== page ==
“The first step is admitting you have a problem.” You may have heard this phrase and wondered if this applies to you. After all, most people have a relationship with sex that is … well … complicated …. Right? It’s a good question. How do you know if you have a problem with sexual behavior/thoughts? In the same way that not everyone who drinks alcohol is an alcoholic, and not everyone who smoked marijuana is addicted, not everyone who has an affair or watches porn is addicted to sex. So, how do you tell?
Just like other addictions, there is a list of criteria that a therapist will look at to determine if an addiction is present. They will look at how often you have tried to quit and failed; they will look at if you continue your behavior despite harm it is causing; they will look at if you set limits for yourself only to exceed them. These are a few of the symptoms they will look for that will indicate an addiction is present. Sexual addiction experts have come up with a useful acronym that can help you determine if an addiction may be present. The acronym is “PATHOS” and it stands for:
- Preoccupied: Do you often find yourself preoccupied with sexual thoughts?
- Ashamed: Do you hide some of your behaviors from others?
- Treatment: Have you ever sought help for sexual behaviors that you didn’t like?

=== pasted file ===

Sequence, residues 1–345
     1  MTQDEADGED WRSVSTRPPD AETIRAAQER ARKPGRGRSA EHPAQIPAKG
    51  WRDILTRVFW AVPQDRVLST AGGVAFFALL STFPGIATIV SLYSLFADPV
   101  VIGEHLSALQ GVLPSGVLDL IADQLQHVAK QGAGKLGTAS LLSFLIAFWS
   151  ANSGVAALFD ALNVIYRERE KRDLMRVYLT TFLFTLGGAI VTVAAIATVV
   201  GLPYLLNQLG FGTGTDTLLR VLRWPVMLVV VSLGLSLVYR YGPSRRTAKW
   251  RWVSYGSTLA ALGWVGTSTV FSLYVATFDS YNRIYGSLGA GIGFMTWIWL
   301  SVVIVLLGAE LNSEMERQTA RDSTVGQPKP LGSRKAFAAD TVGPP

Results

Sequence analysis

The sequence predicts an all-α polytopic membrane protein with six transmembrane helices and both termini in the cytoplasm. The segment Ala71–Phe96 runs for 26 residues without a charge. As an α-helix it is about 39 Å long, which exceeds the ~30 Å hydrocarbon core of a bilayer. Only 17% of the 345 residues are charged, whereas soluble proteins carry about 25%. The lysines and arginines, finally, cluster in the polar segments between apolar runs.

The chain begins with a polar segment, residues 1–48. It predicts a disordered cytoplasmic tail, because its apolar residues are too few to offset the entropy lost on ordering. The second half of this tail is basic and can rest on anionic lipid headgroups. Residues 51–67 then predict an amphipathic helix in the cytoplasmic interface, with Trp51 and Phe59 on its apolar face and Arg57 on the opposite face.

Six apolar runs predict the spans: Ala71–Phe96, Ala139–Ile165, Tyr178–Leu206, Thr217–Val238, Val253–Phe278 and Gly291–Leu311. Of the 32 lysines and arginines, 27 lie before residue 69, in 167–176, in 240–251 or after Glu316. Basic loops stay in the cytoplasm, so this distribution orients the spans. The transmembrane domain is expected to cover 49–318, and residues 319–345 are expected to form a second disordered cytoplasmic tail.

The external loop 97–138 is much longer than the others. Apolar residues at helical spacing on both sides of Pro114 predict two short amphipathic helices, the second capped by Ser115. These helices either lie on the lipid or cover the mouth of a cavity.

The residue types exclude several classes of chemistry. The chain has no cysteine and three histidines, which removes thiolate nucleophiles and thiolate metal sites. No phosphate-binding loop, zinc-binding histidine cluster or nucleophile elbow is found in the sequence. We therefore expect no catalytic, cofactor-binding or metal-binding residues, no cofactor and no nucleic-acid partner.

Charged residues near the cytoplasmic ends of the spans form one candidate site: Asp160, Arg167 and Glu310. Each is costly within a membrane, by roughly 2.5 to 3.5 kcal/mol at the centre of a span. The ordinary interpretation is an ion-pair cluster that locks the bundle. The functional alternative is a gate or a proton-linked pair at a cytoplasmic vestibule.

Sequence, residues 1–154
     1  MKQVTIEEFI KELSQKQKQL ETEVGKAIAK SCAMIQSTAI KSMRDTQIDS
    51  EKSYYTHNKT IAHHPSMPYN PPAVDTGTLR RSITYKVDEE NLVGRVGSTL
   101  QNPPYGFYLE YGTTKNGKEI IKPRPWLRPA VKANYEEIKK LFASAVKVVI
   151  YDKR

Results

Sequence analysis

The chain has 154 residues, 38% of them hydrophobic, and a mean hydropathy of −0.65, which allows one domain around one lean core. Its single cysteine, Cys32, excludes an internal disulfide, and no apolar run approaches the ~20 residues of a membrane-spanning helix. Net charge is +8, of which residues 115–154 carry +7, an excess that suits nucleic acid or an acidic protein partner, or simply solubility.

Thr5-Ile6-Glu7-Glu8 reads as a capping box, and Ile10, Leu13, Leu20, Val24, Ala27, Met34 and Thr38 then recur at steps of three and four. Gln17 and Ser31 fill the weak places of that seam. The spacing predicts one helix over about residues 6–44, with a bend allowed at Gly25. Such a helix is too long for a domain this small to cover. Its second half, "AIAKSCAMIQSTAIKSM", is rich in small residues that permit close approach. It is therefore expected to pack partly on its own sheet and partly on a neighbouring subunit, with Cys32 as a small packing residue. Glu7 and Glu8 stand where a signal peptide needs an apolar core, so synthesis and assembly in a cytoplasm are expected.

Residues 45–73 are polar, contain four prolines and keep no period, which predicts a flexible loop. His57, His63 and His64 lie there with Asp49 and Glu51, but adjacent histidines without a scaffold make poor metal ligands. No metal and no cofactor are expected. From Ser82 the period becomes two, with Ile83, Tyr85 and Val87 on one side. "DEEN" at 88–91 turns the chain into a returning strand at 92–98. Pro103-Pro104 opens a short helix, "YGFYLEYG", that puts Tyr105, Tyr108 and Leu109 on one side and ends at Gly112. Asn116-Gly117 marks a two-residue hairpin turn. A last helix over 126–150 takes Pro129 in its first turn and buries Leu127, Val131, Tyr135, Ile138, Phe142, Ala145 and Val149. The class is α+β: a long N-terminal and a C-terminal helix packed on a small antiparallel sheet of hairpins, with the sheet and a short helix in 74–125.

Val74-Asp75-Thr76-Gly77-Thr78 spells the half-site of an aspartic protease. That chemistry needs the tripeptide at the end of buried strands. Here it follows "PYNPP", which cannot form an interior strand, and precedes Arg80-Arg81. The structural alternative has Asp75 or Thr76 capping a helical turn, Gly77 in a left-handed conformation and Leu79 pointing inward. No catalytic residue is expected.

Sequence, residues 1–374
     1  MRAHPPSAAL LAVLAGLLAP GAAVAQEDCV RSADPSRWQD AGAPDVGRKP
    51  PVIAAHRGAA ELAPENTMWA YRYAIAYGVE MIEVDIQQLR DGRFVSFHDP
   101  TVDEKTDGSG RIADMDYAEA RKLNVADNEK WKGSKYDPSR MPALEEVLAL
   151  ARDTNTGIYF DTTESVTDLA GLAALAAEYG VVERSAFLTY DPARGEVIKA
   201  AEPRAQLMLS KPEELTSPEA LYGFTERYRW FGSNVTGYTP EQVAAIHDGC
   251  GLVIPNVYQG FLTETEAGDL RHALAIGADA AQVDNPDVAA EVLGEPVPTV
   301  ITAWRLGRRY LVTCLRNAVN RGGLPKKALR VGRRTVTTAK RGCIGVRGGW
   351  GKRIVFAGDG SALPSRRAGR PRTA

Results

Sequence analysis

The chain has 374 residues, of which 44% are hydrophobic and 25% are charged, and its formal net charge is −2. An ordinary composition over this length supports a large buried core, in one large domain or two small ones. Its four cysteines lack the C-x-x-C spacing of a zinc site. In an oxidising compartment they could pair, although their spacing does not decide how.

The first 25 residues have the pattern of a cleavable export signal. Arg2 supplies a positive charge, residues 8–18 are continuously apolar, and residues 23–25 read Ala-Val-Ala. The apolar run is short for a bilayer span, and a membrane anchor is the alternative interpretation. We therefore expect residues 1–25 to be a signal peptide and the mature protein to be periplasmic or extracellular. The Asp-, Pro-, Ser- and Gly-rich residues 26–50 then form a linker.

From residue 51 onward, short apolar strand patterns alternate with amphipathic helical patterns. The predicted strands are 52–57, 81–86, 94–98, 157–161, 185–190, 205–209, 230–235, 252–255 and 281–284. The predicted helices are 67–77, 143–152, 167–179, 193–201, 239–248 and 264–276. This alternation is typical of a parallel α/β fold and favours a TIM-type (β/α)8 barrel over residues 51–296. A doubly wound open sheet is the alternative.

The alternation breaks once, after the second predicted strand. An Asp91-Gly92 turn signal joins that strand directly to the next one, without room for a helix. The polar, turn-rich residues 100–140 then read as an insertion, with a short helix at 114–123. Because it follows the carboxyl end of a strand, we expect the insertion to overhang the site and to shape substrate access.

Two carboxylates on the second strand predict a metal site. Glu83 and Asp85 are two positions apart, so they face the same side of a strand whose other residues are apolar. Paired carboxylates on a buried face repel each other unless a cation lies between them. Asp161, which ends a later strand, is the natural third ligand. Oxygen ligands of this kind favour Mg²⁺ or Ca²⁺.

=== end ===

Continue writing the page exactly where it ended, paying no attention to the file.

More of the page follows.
- Hurt Others: Has anyone been hurt emotionally because of your sexual behavior?
- Out of Control: Do you feel controlled by your sexual desire?
- Sad: When you engage in sexual activity, do you feel depressed afterwards?
A positive response to one of these questions would indicate the possibility of an addiction and the need for additional assessment. Two or more positive responses indicate the probability of an addictive problem. If you answered “yes” to some of these questions, an appointment with a therapist who specializes in this area can help you determine whether or not an addiction is present and what you can do to have a healthier relationship with sex. Certified Sex Addiction Therapists (CSATs) have access to assessment materials and can be helpful in determining if an addiction truly is present. All of those who are CSATs have attended 120 hours of intensive instruction, received at least 30 hours of supervision in working with sexual addicts and their families and receive at least 15 hours of continuing education focusing on sex addiction every 2 years. If you are in need of a CSAT, a list of these therapists can be found at https://www.sexhelp.com/therapists-search/.